- I/O: 2x USB 3.0, 2x USB 2.0, 2x 3.5mm Audio (Line Out, Mic-in)
- 3.5” Drive Bays: x4, x3 (Pandora ATX Core)
- 2.5” Drive Bays: x4, 2x (Pandora ATX Core)
- Front Cooling: 1x 140mm (Included, Pandora ATX only), Max 3x 120mm OR 2x 140mm (Not Included)
- Rear Cooling: 1x 120mm FDB Fan (Included)
- Top Cooling: Max 3x 120mm OR 2x 140mm (Not Included)
- Expansion Slots: x7
- Power Supply: ATX & EPS, up to 220mm length
- Dimensions (WxHxD): 203 x 510 x 558 mm
- Weight: 9.92 kg (net), 11.4 kg (gross)
It seems that the only thing we don’t know about this new enclosure is pricing and availability, which have not yet been released.
Introduction and Features
EVGA recently introduced three new Platinum certified power supplies in their popular SuperNOVA line, the 650P2, 750P2 and 850P2. All three power supplies are 80 Plus Platinum certified for high efficiency and feature all modular cables, high-quality Japanese brand capacitors, and a quiet 140mm cooling fan (with the ability to operate in silent, fan-less mode at low to mid power levels). And in addition to delivering excellent performance with quiet operation, these new power supplies are backed by a 10-year warranty!
EVGA was founded in 1999 with headquarters in Brea, California. They continue to specialize in producing NVIDIA based graphics adapters and Intel based motherboards and keep expanding their PC power supply product line, which currently includes thirty-four models ranging from the high-end 1,600W SuperNOVA T2 to the budget minded EVGA 400W power supply.
In this review we will be taking a detailed look at both the EVGA SuperNOVA 650P2 and 750P2 power supplies. It’s nice when we receive two slightly different units in the same product series to look for consistency during testing.
Here is what EVGA has to say about the new SuperNOVA P2 Platinum PSUs: “The unbeatable performance of the EVGA SuperNOVA P2 power supply line is now available in 850, 750 and 650 watt versions. Based on the award winning P2 power supplies, these units feature 80 Plus Platinum rated efficiency, and clean, continuous power to every component. The ECO Control Fan system offers fan modes to provide absolutely zero fan noise during low to medium load operations. Backed by an award winning 10 year warranty, and 100% Japanese capacitor design, the EVGA SuperNOVA 850, 750 and 650 P2 power supplies offer unbeatable performance and value."
EVGA SuperNOVA 650W P2 and 750W P2 PSU Key Features:
• Fully modular cables to reduce clutter and improve airflow
• 80 PLUS Platinum certified, with up to 92% efficiency
• LLC Resonant circuit design for high efficiency
• Tight voltage regulation, stable power with low AC ripple and noise
• Highest quality Japanese brand capacitors ensure long-term reliability
• Quiet 140mm Double ball bearing fan for reliability and quiet operation
• ECO Intelligent Thermal Control allows silent, fan-less operation at low power
• NVIDIA SLI & AMD Crossfire Ready
• Compliance with ErP Lot 6 2013 Requirement
• Active Power Factor correction (0.99) with Universal AC input
• Complete Protections: OVP, UVP, OPP, OCP and SCP
• 10-Year warranty and EVGA Customer Support
Subject: Cases and Cooling | November 16, 2015 - 05:53 PM | Jeremy Hellstrom
Tagged: AIO, water cooling, raijintek, Triton 280
Before you dismiss the strange looking waterblock on the Raijintek Triton 280 you should know the kit ships with a red, green, and blue bottle of dye which is why you can see into the pump. Not only that but this waterblock will fit onto any AMD or Intel processor released in the last decade so even an older system can be refreshed by this $80 cooler. With the price, compatibility and style covered all that is left to do is measure the sound and see how effective the cooler is in action. To do so all you have to do is vist [H]ard|OCP; prepare yourself to be impressed.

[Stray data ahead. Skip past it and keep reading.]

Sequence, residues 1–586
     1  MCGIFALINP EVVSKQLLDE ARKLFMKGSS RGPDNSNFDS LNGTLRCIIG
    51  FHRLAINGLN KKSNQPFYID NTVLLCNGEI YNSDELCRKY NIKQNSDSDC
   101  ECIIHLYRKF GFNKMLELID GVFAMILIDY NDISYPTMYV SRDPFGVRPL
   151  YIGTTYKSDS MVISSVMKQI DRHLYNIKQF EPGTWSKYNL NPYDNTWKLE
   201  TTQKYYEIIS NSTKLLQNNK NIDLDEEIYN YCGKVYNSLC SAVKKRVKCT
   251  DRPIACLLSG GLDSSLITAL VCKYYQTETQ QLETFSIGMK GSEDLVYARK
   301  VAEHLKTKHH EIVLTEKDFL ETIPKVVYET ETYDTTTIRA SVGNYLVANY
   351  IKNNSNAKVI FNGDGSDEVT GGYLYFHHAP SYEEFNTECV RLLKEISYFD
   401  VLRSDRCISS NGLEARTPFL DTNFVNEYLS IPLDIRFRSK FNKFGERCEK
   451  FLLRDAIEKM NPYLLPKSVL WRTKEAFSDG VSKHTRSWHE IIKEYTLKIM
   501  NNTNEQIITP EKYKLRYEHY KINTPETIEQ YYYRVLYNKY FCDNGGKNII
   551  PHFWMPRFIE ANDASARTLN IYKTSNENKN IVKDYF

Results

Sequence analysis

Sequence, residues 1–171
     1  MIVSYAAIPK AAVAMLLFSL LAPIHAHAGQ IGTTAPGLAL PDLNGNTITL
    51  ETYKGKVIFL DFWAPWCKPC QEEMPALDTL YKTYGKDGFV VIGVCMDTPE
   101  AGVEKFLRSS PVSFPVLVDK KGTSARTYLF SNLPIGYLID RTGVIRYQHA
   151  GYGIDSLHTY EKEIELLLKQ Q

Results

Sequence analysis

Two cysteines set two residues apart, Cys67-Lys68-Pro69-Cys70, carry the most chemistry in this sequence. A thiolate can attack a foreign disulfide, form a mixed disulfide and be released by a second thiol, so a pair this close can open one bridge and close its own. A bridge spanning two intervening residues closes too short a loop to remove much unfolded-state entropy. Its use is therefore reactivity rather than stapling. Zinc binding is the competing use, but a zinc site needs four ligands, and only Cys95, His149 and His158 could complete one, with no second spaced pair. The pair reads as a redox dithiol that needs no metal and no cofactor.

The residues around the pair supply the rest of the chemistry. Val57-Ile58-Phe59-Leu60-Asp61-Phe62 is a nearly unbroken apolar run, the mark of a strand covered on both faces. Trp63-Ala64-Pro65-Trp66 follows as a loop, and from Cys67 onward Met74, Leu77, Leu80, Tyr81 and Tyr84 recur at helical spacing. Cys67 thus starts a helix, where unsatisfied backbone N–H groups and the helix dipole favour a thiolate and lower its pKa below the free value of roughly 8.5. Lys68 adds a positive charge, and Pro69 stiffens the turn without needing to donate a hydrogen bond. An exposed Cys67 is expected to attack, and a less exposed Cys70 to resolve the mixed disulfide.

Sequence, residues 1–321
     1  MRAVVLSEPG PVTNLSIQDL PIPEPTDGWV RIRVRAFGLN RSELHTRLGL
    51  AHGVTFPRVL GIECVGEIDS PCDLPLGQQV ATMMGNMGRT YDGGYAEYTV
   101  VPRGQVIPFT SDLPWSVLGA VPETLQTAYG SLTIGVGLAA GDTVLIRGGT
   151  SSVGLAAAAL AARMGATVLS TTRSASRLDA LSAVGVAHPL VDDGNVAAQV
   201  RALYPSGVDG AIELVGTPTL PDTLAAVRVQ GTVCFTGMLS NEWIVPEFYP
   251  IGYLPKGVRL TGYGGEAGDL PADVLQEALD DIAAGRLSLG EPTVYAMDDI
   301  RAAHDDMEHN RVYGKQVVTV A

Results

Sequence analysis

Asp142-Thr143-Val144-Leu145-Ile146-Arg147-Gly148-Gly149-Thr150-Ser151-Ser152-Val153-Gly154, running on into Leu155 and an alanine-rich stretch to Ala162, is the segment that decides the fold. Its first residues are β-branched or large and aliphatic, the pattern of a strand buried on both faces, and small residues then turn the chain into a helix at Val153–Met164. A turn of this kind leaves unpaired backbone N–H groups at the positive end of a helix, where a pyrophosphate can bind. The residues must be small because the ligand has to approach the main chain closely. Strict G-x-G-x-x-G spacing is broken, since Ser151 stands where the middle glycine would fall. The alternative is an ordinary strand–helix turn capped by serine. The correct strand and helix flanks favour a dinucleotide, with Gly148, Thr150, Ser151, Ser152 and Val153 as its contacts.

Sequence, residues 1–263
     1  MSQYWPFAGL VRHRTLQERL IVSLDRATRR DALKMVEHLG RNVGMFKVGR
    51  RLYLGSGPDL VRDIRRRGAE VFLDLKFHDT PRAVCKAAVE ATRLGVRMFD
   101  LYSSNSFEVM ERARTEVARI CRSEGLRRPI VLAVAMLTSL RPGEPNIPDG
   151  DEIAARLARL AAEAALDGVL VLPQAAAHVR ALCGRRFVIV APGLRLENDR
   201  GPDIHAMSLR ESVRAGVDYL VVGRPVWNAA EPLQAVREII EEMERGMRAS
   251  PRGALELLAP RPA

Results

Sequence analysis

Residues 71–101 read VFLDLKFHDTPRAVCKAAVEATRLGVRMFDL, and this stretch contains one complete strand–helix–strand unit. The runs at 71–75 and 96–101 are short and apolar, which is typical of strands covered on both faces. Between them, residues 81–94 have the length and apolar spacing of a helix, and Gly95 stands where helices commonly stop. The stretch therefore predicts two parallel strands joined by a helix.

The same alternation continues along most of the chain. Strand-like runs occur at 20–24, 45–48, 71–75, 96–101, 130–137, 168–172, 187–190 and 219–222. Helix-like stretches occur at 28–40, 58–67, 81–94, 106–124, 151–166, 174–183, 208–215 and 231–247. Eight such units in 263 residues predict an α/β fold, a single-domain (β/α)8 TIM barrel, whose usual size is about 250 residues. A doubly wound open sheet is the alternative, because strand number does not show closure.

"Raijintek is a relatively new company and has only been producing products for a couple of years. Raijintek states it focuses on "extreme engineering, remarkable performance, amazing design," and several other things. Does this new Triton 280 AIO cooler hit any of those targets when it comes to cooling your CPU?"
Here are some more Cases & Cooling reviews from around the web:
Introduction and First Impressions
DEEPCOOL's Gabriel is part of their Gamer Storm series of products, and this low-profile design is rated up to 95 W to keep the latest processors cool under load. So how does it perform? We'll take a close look at the performance of this mini-ITX inspired air cooler in today's review.
(Image credit: DEEPCOOL)
There are so many inexpensive options for air cooling on the market that it's almost overwhelming. At the top of the list in popularity are low-cost tower coolers from Cooler Master, with the ubiquitous Hyper 212 Evo at around $30, and the slightly smaller Hyper T4 at $25. But with a height of 159 mm for the 212 Evo and 152.3 mm for the T4 these coolers are not going to fit in every situation - and certainly not in a slim enclosure. There are plenty of low-profile CPU coolers on the market, one of the lowest being the Noctua NH-L9i, a $40-ish cooler which stands just 37 mm tall (with the fan!), but the tan and reddish-brown color scheme isn't for everyone, and the ultra-low profile design (which is also limited to a 92 mm fan) won't be required for many builds.
So when I began looking for a low-profile air cooler for my own use recently one of the options that cought my eye was this Gabriel, part of DEEPCOOL's Gamer Storm line. The Gabriel had the advantage of being just $34.99 on Newegg when I picked it up, making it less expensive (and less tan and brown) than the Noctua. At 60 mm tall with its 120 mm fan installed, the Gabriel should fit in most low-profile enclosures, considering even half-height expansion cards are a bit taller at about 69 mm. The Gabriel also offers an understated look with a grey (well, mostly grey) fan. Of course appearances mean nothing unless it's well made and cools effectively, and for myself the question became, is this going to rival the experience of a Noctua (long my preferred brand) CPU cooler?